Now that the glass is heated evenly, safely out of the thermal shock zone, and free of air between the layers, it is time for the rapid heat segment. Since we are clear of the thermal shock zone, we can heat our glass more aggressively than during the initial heat. We do this to help prevent the formation of devitrification on the surface of the glass. Devitrification can occur anywhere from approximately 1300 degrees up. When the glass fires hotter and faster during the rapid heat segment, it speeds it through the devitrification zone. We recommend firing your glass at 600 degrees per hour in this segment to reduce the chance of devitrification. The rapid heat segment takes the project to the process soak segment.
Segment 4) The Process Soak
Simply put, the process soak is the peak of the firing schedule pyramid. It is the hottest temperature the glass will experience. It is also the reason for the firing. In the case of a full fuse firing, we recommend a process soak temperature of 1460 degrees Fahrenheit. Since our process soak temperature is well within the devitrification zone, we must limit the time we spend at this temperature to only what is essential in completing our full fuse. We recommend a 10-15 minute hold at 1460 to full fuse a project.
Segment 5) Rapid Cool
Once the process soak is complete, the glass must pass back through the devitrification zone as quickly as possible as it begins cooling down. The rapid-cool segment cools as fast as the kiln allows. Our schedule above reads as fast as possible. This fast rate will help ensure the glass does not get devitrification cooling down to its anneal soak.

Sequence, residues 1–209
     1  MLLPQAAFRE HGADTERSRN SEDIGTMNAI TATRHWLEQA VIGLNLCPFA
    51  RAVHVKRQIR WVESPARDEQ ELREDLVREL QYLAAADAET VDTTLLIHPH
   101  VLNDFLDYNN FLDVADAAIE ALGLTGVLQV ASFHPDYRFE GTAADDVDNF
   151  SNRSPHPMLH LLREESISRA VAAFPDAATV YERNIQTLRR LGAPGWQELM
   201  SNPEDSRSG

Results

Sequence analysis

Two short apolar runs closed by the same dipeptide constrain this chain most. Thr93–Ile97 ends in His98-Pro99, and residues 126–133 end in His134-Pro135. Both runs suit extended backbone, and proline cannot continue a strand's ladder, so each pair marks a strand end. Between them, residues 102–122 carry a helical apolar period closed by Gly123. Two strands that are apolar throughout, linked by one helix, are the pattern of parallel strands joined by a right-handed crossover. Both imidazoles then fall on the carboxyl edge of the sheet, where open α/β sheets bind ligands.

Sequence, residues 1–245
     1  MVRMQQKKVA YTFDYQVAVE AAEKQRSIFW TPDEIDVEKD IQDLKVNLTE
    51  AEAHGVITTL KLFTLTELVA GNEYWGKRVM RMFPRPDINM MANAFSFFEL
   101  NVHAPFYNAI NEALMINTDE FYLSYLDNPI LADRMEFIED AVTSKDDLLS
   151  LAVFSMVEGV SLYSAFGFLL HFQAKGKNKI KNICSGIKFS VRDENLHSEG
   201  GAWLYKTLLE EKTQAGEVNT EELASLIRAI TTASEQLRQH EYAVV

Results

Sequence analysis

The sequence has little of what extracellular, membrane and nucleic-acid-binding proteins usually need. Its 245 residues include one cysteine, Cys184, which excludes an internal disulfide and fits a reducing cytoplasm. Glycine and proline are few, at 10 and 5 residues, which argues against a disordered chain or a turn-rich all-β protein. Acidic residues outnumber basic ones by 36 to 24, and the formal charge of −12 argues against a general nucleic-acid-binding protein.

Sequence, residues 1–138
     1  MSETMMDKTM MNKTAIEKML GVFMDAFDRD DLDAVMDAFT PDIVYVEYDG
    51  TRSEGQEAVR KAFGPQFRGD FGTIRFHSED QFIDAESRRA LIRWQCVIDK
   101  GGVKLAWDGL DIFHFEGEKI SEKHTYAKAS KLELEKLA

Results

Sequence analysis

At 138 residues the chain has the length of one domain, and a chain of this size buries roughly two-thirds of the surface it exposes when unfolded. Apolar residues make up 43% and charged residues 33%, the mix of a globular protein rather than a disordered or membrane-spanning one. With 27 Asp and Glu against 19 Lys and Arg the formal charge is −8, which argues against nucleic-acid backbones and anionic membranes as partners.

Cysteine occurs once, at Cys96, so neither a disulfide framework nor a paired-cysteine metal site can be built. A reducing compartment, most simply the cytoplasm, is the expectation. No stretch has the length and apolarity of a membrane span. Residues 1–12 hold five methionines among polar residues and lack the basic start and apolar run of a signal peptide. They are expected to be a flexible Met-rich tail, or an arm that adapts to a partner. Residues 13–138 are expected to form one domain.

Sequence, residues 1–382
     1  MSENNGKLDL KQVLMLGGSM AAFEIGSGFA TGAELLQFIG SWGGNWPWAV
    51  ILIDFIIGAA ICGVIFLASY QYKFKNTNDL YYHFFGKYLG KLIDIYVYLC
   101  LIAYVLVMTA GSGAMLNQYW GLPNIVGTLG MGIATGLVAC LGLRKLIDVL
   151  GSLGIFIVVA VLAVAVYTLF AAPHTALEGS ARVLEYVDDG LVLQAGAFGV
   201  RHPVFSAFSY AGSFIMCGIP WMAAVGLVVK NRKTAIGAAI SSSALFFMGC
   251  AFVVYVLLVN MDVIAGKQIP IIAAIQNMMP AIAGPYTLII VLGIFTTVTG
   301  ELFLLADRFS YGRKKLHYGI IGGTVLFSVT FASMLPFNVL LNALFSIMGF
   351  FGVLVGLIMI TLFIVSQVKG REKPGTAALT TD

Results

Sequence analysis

Segment 6) Anneal Soak
The anneal soak allows the glass to reach an even temperature before it begins its final cool down. It is just as essential for a glass object to cool down evenly as it is to heat evenly. Before the final cool-down can begin, the glass must be at, or close to, the same temperature. There cannot be more than a 10 degrees difference in temperature between the top middle of the glass, the edges, or the interior center. If a difference of more than 10 degrees occurs, the glass can experience annealing strain and crack. We recommend an annealing soak hold time of 1 hour at 960 degrees Fahrenheit for a finished object that is 6mm in thickness. Hold time must increase if annealing thicker objects or objects not of uniform thickness.
Segment 7) Anneal Cool
Once the anneal soak is complete, the glass can begin the anneal cool segment. The anneal cool segment takes the glass object from 960 degrees through the anneal strain zone. The glass must cool extremely slowly during this segment to reduce the chance of cracking. We recommend a cool-down ramp of 100 degrees per hour to 700 degrees. Thicker projects, or projects not uniform in thickness, must be cooled down even slower.